Non-MPN Medical Reports Are Admissible
Share on facebook
Share on twitter
Share on linkedin

On November 14, 2013, the California Supreme Court ruled that medical reports from physicians outside of the employer’s medical provider network obtained by the employee are admissible in proceedings to determine disability benefits. (Valdez v. W.C.A.B and Warehouse Demo Serv. et al., S204387). The non-MPN medical reports are admissible on the issue of compensation for lost wages or earning capacity. Medical reports from non-MPN physicians are not admissible in proceedings to resolve diagnosis or medical treatment disputes (with limited exceptions).

Prior to this recent Supreme Court decision, employers, injured workers, attorneys and judges were without clear guidance on how to reconcile Labor Code § 4616.6 with the pre-SB 863 version of LC § 4605. Even after the Court of Appeal issued its opinion on the issue, and even after the amendment to LC § 4605 following SB 863, there was still controversy on how to interpret the law and uncertainty remained regarding the admissibility of non-MPN medical reports.

Prior to SB 863 LC § 4605 provided:

Nothing contained in this chapter shall limit the right of the employee to provide, at his own expense, a consulting physician or any attending physicians whom he desires.

§ 4616.6 provides:

No additional examinations shall be ordered by the appeals board and no other reports shall be admissible to resolve any controversy arising out of this article.

Interpreting these code sections, the Court of Appeal annulled the decision of the WCAB. The WCAB held in two en banc opinions that LC § 4616.6 bars the admissibility of non-MPN reports and nothing in LC § 4605 permits the admissibility of such reports. In overturning the WCAB decision, the Court of Appeal reasoned that LC § 4616.6 only bars the admissibility of “other reports,” such as non-MPN reports, in controversies arising from article 2.3, which pertains to the procedures established to resolve controversies over treatment and diagnosis.

The employer petitioned the California Supreme Court for review, which was granted. Prior to the Supreme Court completing its review of the Court of Appeal opinion, SB 863 was passed. SB 863 amended LC § 4605 which now provides: Nothing contained in this chapter shall limit the right of the employee to provide, at his or his own expense, a consulting physician or any attending physicians whom he or she desires.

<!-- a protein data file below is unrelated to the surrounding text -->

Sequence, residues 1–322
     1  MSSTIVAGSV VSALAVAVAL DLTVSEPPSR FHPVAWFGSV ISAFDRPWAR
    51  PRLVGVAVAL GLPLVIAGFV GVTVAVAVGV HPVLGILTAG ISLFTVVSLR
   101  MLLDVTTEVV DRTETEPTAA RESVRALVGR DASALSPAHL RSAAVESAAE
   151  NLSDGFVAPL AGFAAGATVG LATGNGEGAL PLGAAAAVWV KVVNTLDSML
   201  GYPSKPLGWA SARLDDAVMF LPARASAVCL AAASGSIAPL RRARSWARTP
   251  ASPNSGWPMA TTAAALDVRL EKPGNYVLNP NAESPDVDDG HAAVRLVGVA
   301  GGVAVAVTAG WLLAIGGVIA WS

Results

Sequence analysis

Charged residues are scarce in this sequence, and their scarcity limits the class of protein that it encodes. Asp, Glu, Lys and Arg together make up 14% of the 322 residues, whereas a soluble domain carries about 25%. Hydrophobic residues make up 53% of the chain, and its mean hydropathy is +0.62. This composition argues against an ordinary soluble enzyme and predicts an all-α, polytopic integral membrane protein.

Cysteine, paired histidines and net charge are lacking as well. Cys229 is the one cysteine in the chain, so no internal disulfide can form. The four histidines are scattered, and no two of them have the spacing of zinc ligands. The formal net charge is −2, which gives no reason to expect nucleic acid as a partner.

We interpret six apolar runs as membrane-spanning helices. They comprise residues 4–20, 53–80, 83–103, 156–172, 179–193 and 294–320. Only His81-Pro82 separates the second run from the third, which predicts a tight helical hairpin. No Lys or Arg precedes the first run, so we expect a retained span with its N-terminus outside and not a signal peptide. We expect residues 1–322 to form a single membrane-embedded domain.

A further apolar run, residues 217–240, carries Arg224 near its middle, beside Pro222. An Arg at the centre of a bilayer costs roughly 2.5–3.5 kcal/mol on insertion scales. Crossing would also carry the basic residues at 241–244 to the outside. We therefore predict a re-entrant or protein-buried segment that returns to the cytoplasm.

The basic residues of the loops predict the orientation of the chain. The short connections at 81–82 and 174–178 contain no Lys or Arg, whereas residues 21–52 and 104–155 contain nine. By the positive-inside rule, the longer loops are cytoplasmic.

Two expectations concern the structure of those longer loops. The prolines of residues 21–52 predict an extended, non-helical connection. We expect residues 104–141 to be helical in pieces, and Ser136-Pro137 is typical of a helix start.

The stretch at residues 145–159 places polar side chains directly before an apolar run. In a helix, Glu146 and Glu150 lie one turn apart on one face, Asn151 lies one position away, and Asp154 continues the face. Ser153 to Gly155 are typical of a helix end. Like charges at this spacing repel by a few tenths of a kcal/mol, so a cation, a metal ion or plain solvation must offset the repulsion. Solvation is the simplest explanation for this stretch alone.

Any report prepared by consulting or attending physicians pursuant to this section shall not be the sole basis of an award of compensation. A qualified medical evaluator or authorized treating physician shall address any report procured pursuant to this section and shall indicate whether he or she agrees or disagrees with the findings or opinions stated in the report, and shall identify the bases for this opinion.

In light of the recent amendment to LC § 4605, the WCAB took the position that the amendment was a codification of the Court of Appeal opinion. The WCAB, thus, recommended to the Supreme Court that it dismiss its grant of review. Yet, the employer maintained that notwithstanding the newly amended LC § 4605, LC § 4616.6 strictly precludes the admissibility of non-MPN reports. To clarify any ambiguity, the Supreme Court did not dismiss its grant of review, but, instead, rendered its opinion on this issue. The Supreme Court ruled that LC § 4616.6 precludes the admissibility of medical reports only in proceedings under article 2.3, which concerns controversies over diagnosis and treatment. Non-MPN reports are admissible in proceedings to resolve disputes over compensation for lost wages or earning capacity. Although the Supreme Court seemed to suggest that the employee does not have a right to reimbursement for the cost in obtaining these non-MPN reports, that specific issue was not before the Court. Perhaps that will be next area of controversy.